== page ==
Madhusmita Jena recently made headlines for her extraordinary achievement at the Manchester Marathon over the weekend. What set her apart was not just her impressive speed and endurance but also her attire – she ran the entire marathon dressed in a traditional Indian saree.
Speaking with iGlobal, Jena shares that her decision to run the marathon in a saree was a conscious choice to promote Indian culture and raise awareness about diversity in sports for women. She wanted to challenge stereotypes and showcase the versatility and strength of women, even in traditional attire.
On race day, Jena stood out from the crowd of runners with her brightly coloured Sambalpuri saree, which is the traditional handloom weave of the Northeast Indian state of Odisha.
She crossed the finish line in an impressive 4 hours and 42 minutes, completing the 26.2-mile race (42km) route in her saree and was greeted with resounding applause and admiration from the crowd.
An avid marathon runner, Jena started with the Dubai Marathon back in 2009 and has also completed the 100k Marathon in Egypt, among many others. Here, she reflects upon her journey, inspiration and the latest saree milestone with iGlobal.
How do you feel about the positive response to your achievement?
I've enjoyed running so much over the past 14 years. It's made a huge difference to my physical and mental health. Over the years, after constantly competing for Boston qualifying or podium finishes, I wanted to do something different. So, I took the opportunity to showcase my culture and show people that running is for everyone, regardless of gender, age, culture, religion etc.
I didn't expect my run to gain so much media attention. I'm completely surprised and overwhelmed by the response, and I hope it means that people will feel more able to take up running. I also hope people will be more accepting of cultures and ethnicity and not a certain archetype of who can exercise and participate in sports.
What inspired you to run the Manchester Marathon in a saree?
I wanted to showcase Indian culture, specifically Odiya, as that's my roots. And it's also to show my friends who aren't allowed to wear shorts that you can run in anything, in sarees, salwar suits or any attire really. I want to encourage more people to go out and run.
Also, it was a new challenge for me; I wanted to see if I could complete the marathon in a saree or not.
Please tell us about your Indian heritage, life and journey.
I was born and raised in the UK. My parents are originally from Odisha. I also got married in Odisha. I've always loved wearing sarees and Indian clothes. I'm a mother of two children; my oldest is 15 now, and the younger one is 12. I started running after my first son was born simply to get some me-time, some headspace. But after my first marathon (Dubai Marathon), it became my passion.
I've run 37 full marathons so far, and this is my first time with a saree. I'm also a Special Needs teacher in high school, so I teach children with special educational needs.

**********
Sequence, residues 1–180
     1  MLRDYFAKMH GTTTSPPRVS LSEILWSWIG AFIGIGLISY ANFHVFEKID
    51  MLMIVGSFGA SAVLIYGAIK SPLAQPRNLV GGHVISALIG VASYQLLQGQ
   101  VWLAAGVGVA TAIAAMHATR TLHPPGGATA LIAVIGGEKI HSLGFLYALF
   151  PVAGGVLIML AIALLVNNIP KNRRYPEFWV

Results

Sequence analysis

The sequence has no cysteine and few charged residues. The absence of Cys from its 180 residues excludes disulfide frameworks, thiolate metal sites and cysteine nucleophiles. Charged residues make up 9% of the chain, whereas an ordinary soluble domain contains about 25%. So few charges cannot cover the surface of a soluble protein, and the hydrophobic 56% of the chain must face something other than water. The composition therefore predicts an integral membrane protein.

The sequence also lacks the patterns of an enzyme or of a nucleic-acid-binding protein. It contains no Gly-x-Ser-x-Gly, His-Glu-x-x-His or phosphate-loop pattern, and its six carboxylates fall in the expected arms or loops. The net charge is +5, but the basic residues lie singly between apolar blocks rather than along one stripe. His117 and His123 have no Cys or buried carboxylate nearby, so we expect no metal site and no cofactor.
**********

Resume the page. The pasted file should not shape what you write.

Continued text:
How did it feel when you crossed that finishing line in a saree?
It was definitely a challenging task, but it was enjoyable. The crowd absolutely loved it. There was a lot of cheering going on; people were coming up to me saying – "such a beautiful saree", and "How're you doing it!" It actually felt amazing as people on the streets and the crowd were cheering for me! They were saying - "look at that saree runner" and even the runners would stop to say "Well done".
But it was hard. It was very windy, I was holding the pleats in my hand, so I didn't trip. That slowed me down a lot, but it was definitely worth it.
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How do you prepare for a marathon? Was there additional preparation this time with a saree?
Normally, one takes at least six months of training, and three months building up to this training, you tend to do longer runs and start building up the mileage. I don't run more than three or four times a week just because everybody is different, and I tend to get tired and burnt out.
Besides, it's just not possible with children and working full time. As I'm in my 40s, I've realised that it's necessary to strength train to just make sure you don't get injured so lifting weights and just to keep the muscles strong.
For the Manchester Marathon, I wore a long-sleeved top and not a traditional blouse, as I get cold too easily.
What is your advice for aspiring runners who want to challenge norms and pursue their passions like you?
As a runner, I want to say that there's no age bar. I am 43. And I started running when I was 29. So, it can be done at any time. It's just about kind of starting slowly, not getting too carried away or adding too much mileage too quickly.
And for those who want to run in a saree, I'd say start running in a track or trousers first, get used to the emotion of running before and then attempt it with a saree for a shorter distance first.
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What are your future plans in terms of running?
I have qualified for a place in Chicago Marathon this year. It's in October. I'll definitely be running in shorts as I'm aiming to complete it faster, within 3 hours and 30 mins. So that's my next target. I'll take a bit break now to rest and start training for the Chicago Marathon in about June.